JEAN-MICHEL BASQUIAT | Irony of Negro Policeman, 1981 | acrylic and oilstick on wood
Sold for £8,161,250 at the Contemporary Art Evening Sale, 28 June 2012, London.
In the majestic Irony of Negro Policeman from the pivotal year of 1981, Jean-Michel Basquiat expounds upon the most important theme in his oeuvre, the issue which underlines his entire artistic premise: race. As an artist of mixed racial origin, the plight of black people in America fascinated Basquiat throughout his tragically short but highly prolific career. Whether in dealing with sports stars, musicians or himself, Basquiat constantly placed the black figure at the centre his artistic dialogue. His figures are heralded, commemorated and honoured as kings, heroes and martyrs valiantly battling against the odds to overcome the cynical oppression of the white man and his oppressive establishment. However, in a twist rarely seen within his oeuvre, Basquiat turns the tables to offer a sharp and biting critique on members of his own race in Irony of Negro Policeman.
Against a stark white background, a black man emerges dressed in a midnight blue police uniform. His face is like a mask upon which his cap acts like a cage imprisoning his identity. This is Basquiat’s depiction of a fellow African American who has sold out to the white establishment. Basquiat’s traitor has joined an institutionalized form of whiteness, collaborating to enforce the exact laws created by whites to enslave blacks. By titling the work “IRONY OF NEGRO PLCEMN” next to the black face and also inscribing what may be read as ‘PAWN’ in the lower right corner, Basquiat is clearly suggesting that he deems it ironic that the oppressed should wear the uniform of the oppressor.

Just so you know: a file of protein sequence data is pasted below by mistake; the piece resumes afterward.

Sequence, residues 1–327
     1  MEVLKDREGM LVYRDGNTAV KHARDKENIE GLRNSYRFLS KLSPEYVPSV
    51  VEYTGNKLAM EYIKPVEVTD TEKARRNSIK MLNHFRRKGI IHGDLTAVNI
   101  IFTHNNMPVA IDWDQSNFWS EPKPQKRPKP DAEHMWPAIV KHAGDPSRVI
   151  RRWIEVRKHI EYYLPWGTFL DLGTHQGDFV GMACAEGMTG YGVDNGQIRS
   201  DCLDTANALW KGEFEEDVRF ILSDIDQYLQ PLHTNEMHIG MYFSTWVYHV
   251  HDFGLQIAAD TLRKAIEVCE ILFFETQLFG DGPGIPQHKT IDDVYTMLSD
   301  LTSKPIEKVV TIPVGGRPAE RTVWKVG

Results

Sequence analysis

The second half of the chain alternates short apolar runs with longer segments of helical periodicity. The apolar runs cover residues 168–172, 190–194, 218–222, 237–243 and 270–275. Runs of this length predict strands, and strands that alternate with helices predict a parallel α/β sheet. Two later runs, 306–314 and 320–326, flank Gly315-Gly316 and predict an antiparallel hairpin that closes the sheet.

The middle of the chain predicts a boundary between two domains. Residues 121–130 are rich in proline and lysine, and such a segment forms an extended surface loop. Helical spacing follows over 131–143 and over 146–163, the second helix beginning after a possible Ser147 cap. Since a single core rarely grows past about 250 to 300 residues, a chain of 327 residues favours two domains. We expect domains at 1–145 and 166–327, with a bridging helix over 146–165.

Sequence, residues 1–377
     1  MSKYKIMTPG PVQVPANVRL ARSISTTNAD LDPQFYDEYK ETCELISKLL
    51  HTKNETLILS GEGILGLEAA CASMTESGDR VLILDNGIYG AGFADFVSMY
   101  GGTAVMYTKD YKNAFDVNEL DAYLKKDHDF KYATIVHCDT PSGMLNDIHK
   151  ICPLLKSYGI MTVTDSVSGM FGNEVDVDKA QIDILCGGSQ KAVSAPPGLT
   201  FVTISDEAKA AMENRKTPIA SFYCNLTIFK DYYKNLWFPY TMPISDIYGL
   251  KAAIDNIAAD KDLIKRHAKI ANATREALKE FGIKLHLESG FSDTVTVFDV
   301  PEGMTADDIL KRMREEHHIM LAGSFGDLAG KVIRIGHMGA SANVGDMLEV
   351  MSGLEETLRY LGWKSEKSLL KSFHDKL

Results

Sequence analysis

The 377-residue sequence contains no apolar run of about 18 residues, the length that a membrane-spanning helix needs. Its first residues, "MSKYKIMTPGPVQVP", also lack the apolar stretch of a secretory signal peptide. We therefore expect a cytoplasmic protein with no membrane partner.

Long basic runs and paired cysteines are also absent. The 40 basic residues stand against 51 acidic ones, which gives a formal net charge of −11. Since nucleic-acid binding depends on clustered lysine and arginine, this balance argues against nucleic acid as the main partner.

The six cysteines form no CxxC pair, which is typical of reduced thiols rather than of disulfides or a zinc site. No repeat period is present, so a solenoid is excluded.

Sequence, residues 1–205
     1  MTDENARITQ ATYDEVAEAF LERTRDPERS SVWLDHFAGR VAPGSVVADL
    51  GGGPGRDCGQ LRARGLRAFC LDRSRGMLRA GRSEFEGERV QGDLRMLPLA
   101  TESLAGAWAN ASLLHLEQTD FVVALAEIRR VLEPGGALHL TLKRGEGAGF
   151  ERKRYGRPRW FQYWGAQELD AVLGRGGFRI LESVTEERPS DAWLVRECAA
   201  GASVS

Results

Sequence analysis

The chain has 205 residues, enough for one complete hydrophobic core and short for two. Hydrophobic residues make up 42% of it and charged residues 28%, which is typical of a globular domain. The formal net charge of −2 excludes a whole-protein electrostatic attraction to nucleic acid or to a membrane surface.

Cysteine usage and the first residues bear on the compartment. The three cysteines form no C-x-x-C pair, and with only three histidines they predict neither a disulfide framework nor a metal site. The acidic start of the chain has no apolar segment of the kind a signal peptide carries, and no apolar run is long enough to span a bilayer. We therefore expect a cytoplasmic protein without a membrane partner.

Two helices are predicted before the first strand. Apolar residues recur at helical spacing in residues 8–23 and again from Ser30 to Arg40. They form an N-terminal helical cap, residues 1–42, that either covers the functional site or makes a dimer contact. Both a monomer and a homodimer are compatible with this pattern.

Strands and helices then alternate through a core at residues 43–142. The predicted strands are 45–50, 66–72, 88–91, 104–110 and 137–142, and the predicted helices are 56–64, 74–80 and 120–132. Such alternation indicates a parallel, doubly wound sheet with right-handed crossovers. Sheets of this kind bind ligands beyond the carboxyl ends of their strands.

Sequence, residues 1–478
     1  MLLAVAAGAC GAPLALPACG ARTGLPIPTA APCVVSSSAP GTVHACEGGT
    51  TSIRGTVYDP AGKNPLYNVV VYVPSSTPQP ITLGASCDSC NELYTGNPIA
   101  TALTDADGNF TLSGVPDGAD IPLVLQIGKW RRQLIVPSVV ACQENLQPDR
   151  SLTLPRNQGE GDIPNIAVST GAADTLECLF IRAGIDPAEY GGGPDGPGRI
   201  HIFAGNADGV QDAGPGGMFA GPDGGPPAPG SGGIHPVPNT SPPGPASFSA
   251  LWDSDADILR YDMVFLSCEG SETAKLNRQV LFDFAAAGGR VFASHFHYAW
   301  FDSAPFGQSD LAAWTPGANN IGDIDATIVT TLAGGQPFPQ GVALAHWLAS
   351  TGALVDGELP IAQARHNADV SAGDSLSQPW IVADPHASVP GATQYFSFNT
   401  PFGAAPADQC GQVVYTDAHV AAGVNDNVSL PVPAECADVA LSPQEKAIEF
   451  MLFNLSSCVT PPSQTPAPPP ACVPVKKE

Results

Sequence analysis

As a tremendous existential portrait, Irony of Negro Policeman, is reminiscent of Francis Bacon’s Study after Velázquez’s Portrait of Pope Innocent X from 1953. Both visually depict a screaming head entrapped within a grid like cage. Although neither painting is entitled as a self portrait both can be inferred as containing significant auto-biographical references for their respective authors. Whereas Basquiat was tormented by his race, Bacon struggled with the acceptance of his sexuality having been brought up a strict Catholic. But whatever the underlying struggle was, it allowed each artist to create portraits which depict man at his primal core with all of his complexities, paradoxes and inner most demons laid bare for the world to see.